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New Redbooks Materials and Channels


Editor’s Note: For the history, process and value proposition of the IBM Redbooks program, see Part 1 of this two-part article, www.ibmsystemsmag.com/power/web20/socialmedia/redbooks_part1.

For decades, the IBM Redbooks* program has delivered invaluable technical information to users around the globe in the form of print documents. With the advent of the Internet, and particularly social media, IBM recognized new opportunities for outreach and for helping users get the most out of their systems as simply and efficiently as possible.

As befits a 45-year-old program, change began gradually. First, the classic content became available via electronic files accessed over the Internet—more than 700,000 Redbooks publications are downloaded each month, for example. Today, some of those same publications are now available as Apple iBooks and are soon to be joined by versions for Google devices. The change goes beyond distribution channels, however. The content itself is also changing.

“There are a lot of new and youthful people in the IT industry and an unprecedented need to enable them,” says Todd Kelsey, IBM Redbooks manager. Technical staffers at companies today need a way to be prepared for initial decision making. They don’t want a soup-to-nuts user guide so granular they can’t quickly extract the takeaways they need, and yet they need more than just sales and marketing content. Like Goldilocks, they don’t want information that’s too deep, they don’t want information that’s too superficial; they want information that’s just right for the task at hand.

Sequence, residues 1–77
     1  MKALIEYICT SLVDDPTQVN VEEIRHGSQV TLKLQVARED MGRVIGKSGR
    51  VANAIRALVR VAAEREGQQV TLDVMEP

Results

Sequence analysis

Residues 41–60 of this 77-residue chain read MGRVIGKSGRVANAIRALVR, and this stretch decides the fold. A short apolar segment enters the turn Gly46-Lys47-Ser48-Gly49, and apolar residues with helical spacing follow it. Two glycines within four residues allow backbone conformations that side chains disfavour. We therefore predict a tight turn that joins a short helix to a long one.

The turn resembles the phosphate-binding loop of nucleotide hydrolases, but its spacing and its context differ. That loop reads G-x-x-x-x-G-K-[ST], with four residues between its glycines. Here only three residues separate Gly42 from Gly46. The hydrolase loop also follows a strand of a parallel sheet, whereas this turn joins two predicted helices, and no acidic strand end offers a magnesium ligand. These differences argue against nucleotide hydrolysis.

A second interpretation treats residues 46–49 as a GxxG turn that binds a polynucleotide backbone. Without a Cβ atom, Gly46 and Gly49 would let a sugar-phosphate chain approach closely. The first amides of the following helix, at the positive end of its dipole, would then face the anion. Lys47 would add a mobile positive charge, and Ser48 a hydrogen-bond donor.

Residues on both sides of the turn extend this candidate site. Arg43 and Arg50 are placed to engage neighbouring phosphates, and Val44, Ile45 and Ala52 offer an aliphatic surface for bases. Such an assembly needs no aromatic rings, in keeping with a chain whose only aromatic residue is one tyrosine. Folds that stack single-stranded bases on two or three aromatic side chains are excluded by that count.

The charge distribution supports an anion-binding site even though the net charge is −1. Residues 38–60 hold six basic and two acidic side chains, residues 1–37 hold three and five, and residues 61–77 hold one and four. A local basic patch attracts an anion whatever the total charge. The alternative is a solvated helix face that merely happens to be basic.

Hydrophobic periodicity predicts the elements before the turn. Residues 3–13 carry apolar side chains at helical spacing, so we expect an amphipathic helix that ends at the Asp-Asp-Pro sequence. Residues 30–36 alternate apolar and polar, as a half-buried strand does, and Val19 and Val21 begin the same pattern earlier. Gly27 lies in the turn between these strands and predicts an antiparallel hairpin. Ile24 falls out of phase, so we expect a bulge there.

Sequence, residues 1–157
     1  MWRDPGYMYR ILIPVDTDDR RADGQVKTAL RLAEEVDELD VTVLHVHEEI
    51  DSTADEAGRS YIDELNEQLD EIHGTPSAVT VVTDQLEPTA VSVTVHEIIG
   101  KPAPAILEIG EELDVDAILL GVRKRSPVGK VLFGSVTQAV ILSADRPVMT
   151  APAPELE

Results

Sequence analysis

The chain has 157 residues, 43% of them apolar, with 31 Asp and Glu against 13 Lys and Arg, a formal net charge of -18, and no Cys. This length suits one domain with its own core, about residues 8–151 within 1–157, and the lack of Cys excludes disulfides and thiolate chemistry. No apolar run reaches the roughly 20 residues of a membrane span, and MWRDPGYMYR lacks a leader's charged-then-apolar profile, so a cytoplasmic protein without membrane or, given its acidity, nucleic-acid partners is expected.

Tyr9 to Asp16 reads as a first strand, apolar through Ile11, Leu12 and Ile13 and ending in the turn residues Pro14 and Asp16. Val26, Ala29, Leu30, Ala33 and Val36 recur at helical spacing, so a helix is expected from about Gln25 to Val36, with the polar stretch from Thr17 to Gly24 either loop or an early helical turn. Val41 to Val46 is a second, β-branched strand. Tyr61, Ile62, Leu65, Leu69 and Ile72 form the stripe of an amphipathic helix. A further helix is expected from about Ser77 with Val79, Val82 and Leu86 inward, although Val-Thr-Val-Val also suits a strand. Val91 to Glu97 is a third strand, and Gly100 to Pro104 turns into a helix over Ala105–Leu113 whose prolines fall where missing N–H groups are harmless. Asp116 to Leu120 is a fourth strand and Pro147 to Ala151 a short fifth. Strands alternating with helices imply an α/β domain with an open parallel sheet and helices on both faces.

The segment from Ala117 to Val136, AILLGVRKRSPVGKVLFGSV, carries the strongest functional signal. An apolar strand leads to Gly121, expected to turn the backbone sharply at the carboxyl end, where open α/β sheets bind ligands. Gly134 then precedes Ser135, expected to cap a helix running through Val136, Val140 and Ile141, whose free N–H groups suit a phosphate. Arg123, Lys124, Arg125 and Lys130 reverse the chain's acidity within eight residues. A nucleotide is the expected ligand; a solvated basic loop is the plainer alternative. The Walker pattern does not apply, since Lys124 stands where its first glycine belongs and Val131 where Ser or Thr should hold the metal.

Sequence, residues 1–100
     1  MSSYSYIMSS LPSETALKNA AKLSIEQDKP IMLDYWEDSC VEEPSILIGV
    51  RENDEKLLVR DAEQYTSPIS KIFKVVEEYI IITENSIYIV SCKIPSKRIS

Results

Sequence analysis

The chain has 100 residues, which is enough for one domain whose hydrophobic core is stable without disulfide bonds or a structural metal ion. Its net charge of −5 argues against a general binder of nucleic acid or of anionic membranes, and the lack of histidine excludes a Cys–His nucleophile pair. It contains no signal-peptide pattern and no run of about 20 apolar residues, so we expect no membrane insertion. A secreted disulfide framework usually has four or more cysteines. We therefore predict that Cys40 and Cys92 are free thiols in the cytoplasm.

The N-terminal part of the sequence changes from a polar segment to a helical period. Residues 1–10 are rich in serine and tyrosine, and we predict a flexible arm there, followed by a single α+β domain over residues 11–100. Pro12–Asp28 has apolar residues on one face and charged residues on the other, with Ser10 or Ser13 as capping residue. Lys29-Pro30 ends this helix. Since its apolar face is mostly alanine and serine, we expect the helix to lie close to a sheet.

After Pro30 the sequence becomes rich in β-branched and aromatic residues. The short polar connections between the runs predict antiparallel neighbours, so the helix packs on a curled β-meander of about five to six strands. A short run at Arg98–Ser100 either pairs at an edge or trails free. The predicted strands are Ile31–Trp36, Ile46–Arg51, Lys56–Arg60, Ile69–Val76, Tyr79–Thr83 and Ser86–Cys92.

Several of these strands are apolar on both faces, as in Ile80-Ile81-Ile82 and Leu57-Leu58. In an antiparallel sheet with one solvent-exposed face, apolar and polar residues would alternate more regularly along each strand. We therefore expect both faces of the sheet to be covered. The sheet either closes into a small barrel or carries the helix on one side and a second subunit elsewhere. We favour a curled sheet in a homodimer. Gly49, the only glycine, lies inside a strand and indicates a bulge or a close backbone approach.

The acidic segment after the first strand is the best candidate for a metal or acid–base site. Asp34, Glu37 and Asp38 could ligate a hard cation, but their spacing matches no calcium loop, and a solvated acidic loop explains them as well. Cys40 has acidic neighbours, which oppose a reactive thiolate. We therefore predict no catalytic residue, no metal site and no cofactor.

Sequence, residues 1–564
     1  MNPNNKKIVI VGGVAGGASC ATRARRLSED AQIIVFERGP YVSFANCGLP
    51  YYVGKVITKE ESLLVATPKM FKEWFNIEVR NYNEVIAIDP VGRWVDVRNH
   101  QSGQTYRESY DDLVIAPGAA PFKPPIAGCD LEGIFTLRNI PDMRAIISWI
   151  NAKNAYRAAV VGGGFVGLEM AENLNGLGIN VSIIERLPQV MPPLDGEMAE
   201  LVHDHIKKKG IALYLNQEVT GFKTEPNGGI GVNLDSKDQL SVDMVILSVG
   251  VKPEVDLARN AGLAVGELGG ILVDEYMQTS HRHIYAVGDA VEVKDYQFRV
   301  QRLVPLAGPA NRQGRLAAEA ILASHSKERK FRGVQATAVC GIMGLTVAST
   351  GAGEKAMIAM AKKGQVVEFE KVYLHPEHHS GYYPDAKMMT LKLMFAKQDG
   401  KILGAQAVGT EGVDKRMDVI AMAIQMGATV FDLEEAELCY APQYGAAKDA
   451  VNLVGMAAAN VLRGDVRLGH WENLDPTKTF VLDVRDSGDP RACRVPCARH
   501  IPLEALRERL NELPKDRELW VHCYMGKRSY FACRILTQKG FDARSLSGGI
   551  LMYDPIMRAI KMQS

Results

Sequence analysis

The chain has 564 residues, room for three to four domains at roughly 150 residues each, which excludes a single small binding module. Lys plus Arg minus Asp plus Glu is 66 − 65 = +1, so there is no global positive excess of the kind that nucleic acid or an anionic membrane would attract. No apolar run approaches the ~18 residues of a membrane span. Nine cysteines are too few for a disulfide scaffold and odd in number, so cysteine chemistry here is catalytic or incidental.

Not Your Parents’ Redbooks

To address the shift, the Redbooks brand has transformed from a model of deep, best-practices content produced over long cycle times to a continuum ranging from that comprehensive content to succinct, connect-the-dots material that can be created rapidly and delivered over a variety of channels.

“Clients have told us they highly value the traditional Redbooks publications, but they need just-in-time information for a range of purposes,” Kelsey says. “For example, they’ll say, ‘I’m going to talk with my CMO. I’m just looking for 10 pages on what this solution or product is and where I can learn more. I need more than marketing and sales information because I’m technical; I need information that helps me understand what a product does along with relevant scenarios so that I can do my job effectively.’ ”

That’s not to say the classic Redbooks publications are going away. Such publications are still relevant, useful and popular. Now, however, they’re not the only options. “We’re not replacing the concept of Redbooks publications—we’re extending them to reflect how job roles have changed, as well as leveraging new social media channels and popular formats like video,” Kelsey says.

Those formats include:

  • Technical blogs, written by Redbooks authors and staff, covering key technical topics in a highly interactive medium.
  • Videos of different lengths and styles, providing executive insights and product education, from interviews to a three-minute overview series.
  • Point-of-View publications representing an IBM subject matter expert’s perspective on a particular technical topic. Many are written by members of IBM’s prestigious Academy of Technology and outline business challenges, industry trends and the business value a company may gain.
  • Product Guides, which provide a 10- to 40-page overview of a specific product, including features, specifications and complete compatibility information. The Power Systems* product line alone currently boasts 18 Product Guides www.redbooks.ibm.com/Redbooks.nsf/portals/Power?Open&page=pg.
  • Solution Guides, providing a higher-level overview of a solution, often in less than 10 pages, discussing what a given solution is, how it’s architected, and how it can be used.
  • Redguides, which review different technologies from the business point of view, focusing on an emerging technology trend or showing how a particular approach delivers business value or a competitive advantage, for example.

Kristin Lewotsky is a freelance technology writer based in Amherst, N.H.



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